Universal Groove

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Template:Infobox Film

Universal Groove is a long-delayed independent film starring Corey Haim, Chris Mulkey, and Anne Nahabedian. It was officially released on DVD in December 2007.


Universal Groove is a story in the pre-millennium underground party scene through the eyes of eight people. Each character starts the night with a personal mission, but all leave the party changed by their interactions. The film uses an after-hours backdrop to draw eight characters together at one event - Groove. Each is pulled through a night of inspiration and escape through drugs.

Jim (Corey Haim), a film director, struggles with writer's block. Eve (Anne Nahabedian), a painter, searches for inspiration. Beamer (Jordan Perlis) is a stockbroker looking to escape from a hard day at work. Gina (Rami Yasin) is a party fixture, who likes being around people. Zed (Robert Rudman) is a waiter who needs a reason to let go of his pain. Candy (Kianha Daniels) and Kane (Marie-Eve Blackburn), are party girls are ready to go on a moment's notice. Push (Corey Besner)]is an opportunistic dealer.


Universal Groove explores many different themes, each centering on the film's eight characters. These themes include free-spirited drug use, release, escape from one's troubles, the first-time experience, homosexuality, and man's everlasting struggle to blend in and leave a mark.

Each of the main characters grapples with one of these themes while attempting to wrest themselves from the problem that currently confronts them: Jim has writer's block and is late on a difficult deadline; Eve is wholly uninspired; Beamer has just lost a pile of money on the stock market; Zed is too wound up to enjoy life; Gina is uncomfortable in her own skin; Candy and Kane have nothing to ground them in life except each other; Push needs a party to confirm his existence.

The original version also intended to explore the global connection that exists between people as a party grows. However critical footage was stolen during a robbery at a post-production facility, and thus this element was lost.

Filming and post-production

Writer/director Sandeep Panesar completed the screenplay during the winter of 1998/1999. Universal Groove was shot in the then-new digital video format. The producers felt that this medium would allow the gathering of additional B-Roll footage that may not have otherwise been shot. The shooting of particular scenes and some western footage took place in a single day at Upper Canada Village during March 1999. Other shooting took place during a week-long excursion in May 1999. Principal photography began on July 11, 1999 in Montreal, continuing for eleven days around the city.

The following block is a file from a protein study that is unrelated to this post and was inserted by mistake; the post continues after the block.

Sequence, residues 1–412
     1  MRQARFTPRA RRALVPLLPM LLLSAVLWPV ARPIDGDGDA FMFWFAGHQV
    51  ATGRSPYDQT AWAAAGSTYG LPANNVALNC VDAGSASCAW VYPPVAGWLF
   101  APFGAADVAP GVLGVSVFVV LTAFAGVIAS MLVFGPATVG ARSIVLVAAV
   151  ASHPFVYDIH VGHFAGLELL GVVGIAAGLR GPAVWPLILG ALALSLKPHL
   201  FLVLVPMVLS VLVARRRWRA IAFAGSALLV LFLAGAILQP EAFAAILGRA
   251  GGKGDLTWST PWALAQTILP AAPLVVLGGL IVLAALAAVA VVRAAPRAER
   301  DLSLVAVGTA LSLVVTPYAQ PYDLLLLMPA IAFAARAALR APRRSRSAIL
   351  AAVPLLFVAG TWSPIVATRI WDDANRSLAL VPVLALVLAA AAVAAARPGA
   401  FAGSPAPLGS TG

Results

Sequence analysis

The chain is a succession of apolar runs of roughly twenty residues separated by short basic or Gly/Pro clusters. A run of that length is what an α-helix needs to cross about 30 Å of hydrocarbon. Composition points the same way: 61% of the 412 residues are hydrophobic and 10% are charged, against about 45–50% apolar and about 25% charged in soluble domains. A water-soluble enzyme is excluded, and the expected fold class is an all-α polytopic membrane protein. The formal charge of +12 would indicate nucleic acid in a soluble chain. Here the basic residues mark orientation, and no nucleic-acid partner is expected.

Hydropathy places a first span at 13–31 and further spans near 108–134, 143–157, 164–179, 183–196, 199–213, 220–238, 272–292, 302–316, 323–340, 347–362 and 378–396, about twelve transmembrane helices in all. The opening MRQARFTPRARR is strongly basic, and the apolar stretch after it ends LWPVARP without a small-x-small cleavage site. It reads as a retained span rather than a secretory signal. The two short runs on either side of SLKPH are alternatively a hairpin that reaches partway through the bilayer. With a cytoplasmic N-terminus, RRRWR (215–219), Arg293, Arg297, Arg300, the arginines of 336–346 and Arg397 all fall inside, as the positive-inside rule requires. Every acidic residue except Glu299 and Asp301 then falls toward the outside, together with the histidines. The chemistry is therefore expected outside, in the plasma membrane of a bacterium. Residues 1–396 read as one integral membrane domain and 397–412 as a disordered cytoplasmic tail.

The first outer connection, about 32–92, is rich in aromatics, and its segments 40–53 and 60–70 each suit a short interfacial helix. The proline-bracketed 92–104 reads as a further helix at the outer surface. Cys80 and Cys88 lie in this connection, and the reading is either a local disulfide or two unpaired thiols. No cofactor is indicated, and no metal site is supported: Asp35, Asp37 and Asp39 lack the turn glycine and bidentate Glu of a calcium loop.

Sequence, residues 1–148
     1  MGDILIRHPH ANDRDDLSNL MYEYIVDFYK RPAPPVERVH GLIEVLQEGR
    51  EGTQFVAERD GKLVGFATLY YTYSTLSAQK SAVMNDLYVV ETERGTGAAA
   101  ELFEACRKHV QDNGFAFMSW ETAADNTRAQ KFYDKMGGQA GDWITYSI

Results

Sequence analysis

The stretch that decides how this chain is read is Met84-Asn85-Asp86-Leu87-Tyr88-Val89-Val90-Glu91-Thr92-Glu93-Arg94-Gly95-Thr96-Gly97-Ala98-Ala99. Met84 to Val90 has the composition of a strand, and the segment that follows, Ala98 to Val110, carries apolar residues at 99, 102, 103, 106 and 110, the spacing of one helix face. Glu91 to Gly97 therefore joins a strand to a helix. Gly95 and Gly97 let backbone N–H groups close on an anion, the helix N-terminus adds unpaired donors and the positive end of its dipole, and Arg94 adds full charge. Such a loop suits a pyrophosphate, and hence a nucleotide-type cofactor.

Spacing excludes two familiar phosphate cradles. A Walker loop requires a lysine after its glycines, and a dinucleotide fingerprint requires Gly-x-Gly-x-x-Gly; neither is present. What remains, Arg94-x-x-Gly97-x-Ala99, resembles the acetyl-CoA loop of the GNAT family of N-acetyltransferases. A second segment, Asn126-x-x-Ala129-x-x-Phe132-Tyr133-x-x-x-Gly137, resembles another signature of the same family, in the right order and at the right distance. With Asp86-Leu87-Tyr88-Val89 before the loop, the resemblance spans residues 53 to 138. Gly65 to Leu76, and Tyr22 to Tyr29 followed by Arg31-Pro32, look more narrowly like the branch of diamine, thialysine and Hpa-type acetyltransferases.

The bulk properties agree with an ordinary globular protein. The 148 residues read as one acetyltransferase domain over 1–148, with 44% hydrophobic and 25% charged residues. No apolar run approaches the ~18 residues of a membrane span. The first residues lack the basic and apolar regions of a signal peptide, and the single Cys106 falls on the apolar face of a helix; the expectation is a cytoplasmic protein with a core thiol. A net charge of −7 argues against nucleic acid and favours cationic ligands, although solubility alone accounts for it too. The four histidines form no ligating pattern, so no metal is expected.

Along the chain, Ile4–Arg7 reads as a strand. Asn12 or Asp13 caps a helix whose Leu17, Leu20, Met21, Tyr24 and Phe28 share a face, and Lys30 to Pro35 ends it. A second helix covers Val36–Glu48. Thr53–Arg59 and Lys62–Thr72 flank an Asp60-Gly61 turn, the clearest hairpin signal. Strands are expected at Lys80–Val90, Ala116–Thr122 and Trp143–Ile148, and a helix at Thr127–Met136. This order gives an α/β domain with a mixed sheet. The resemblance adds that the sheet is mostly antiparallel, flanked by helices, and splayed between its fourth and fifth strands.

For Montrealers the return of Corey Haim to his home city was media-worthy, and the production was followed relentlessly, inciting visits from People Magazine and other large media interests. Haim's presence on set was marred by his inability to stay drug-free and perform at his peak. He was frequently noted to be confused and high; leading to his overdose during production. The tight schedule allowed little time for Haim's recovery.

The film wrapped on July 22, 1999, leaving producers with approximately 36 hours of digital video footage to comb through. The producers took a one-year hiatus on the film while they experimented with digital effects, post-production processing tests, and interviewed post-production facilities. Due to the dwindling post-production budget, the producers needed to raise more finance in order to complete the film. The film went into hiatus for three further years. At the end of 2003, post-production once again began in earnest.

Studio break-in and release

On the morning of August 18, 2004, editors arrived at the Universal Groove post-production facility to find it vandalized, and robbed. Of the thirty-six hours of footage originally shot, only twelve remained. The stolen footage included unedited shots for critical scenes necessary for the development of the plot. Universal Groove went on indefinite hiatus while the producers tried to determine whether the production could be salvaged. In late 2005, footage began appearing on the internet, made accessible through torrents, peer-to-peer file sharing networks and on websites.

In 2006, the project was revived when director Francois Garcia crafted a plan to rebuild the film while preserving as much of its intended vision and integrity as possible. The film was eventually released on DVD in December 2007. The final version of the film contains alternate takes of some scenes that were released on the internet, and some scenes for which the original footage had been stolen but had been assembled.[1]


  1. Universal Groove Blog. Accessed July 29, 2007.

External links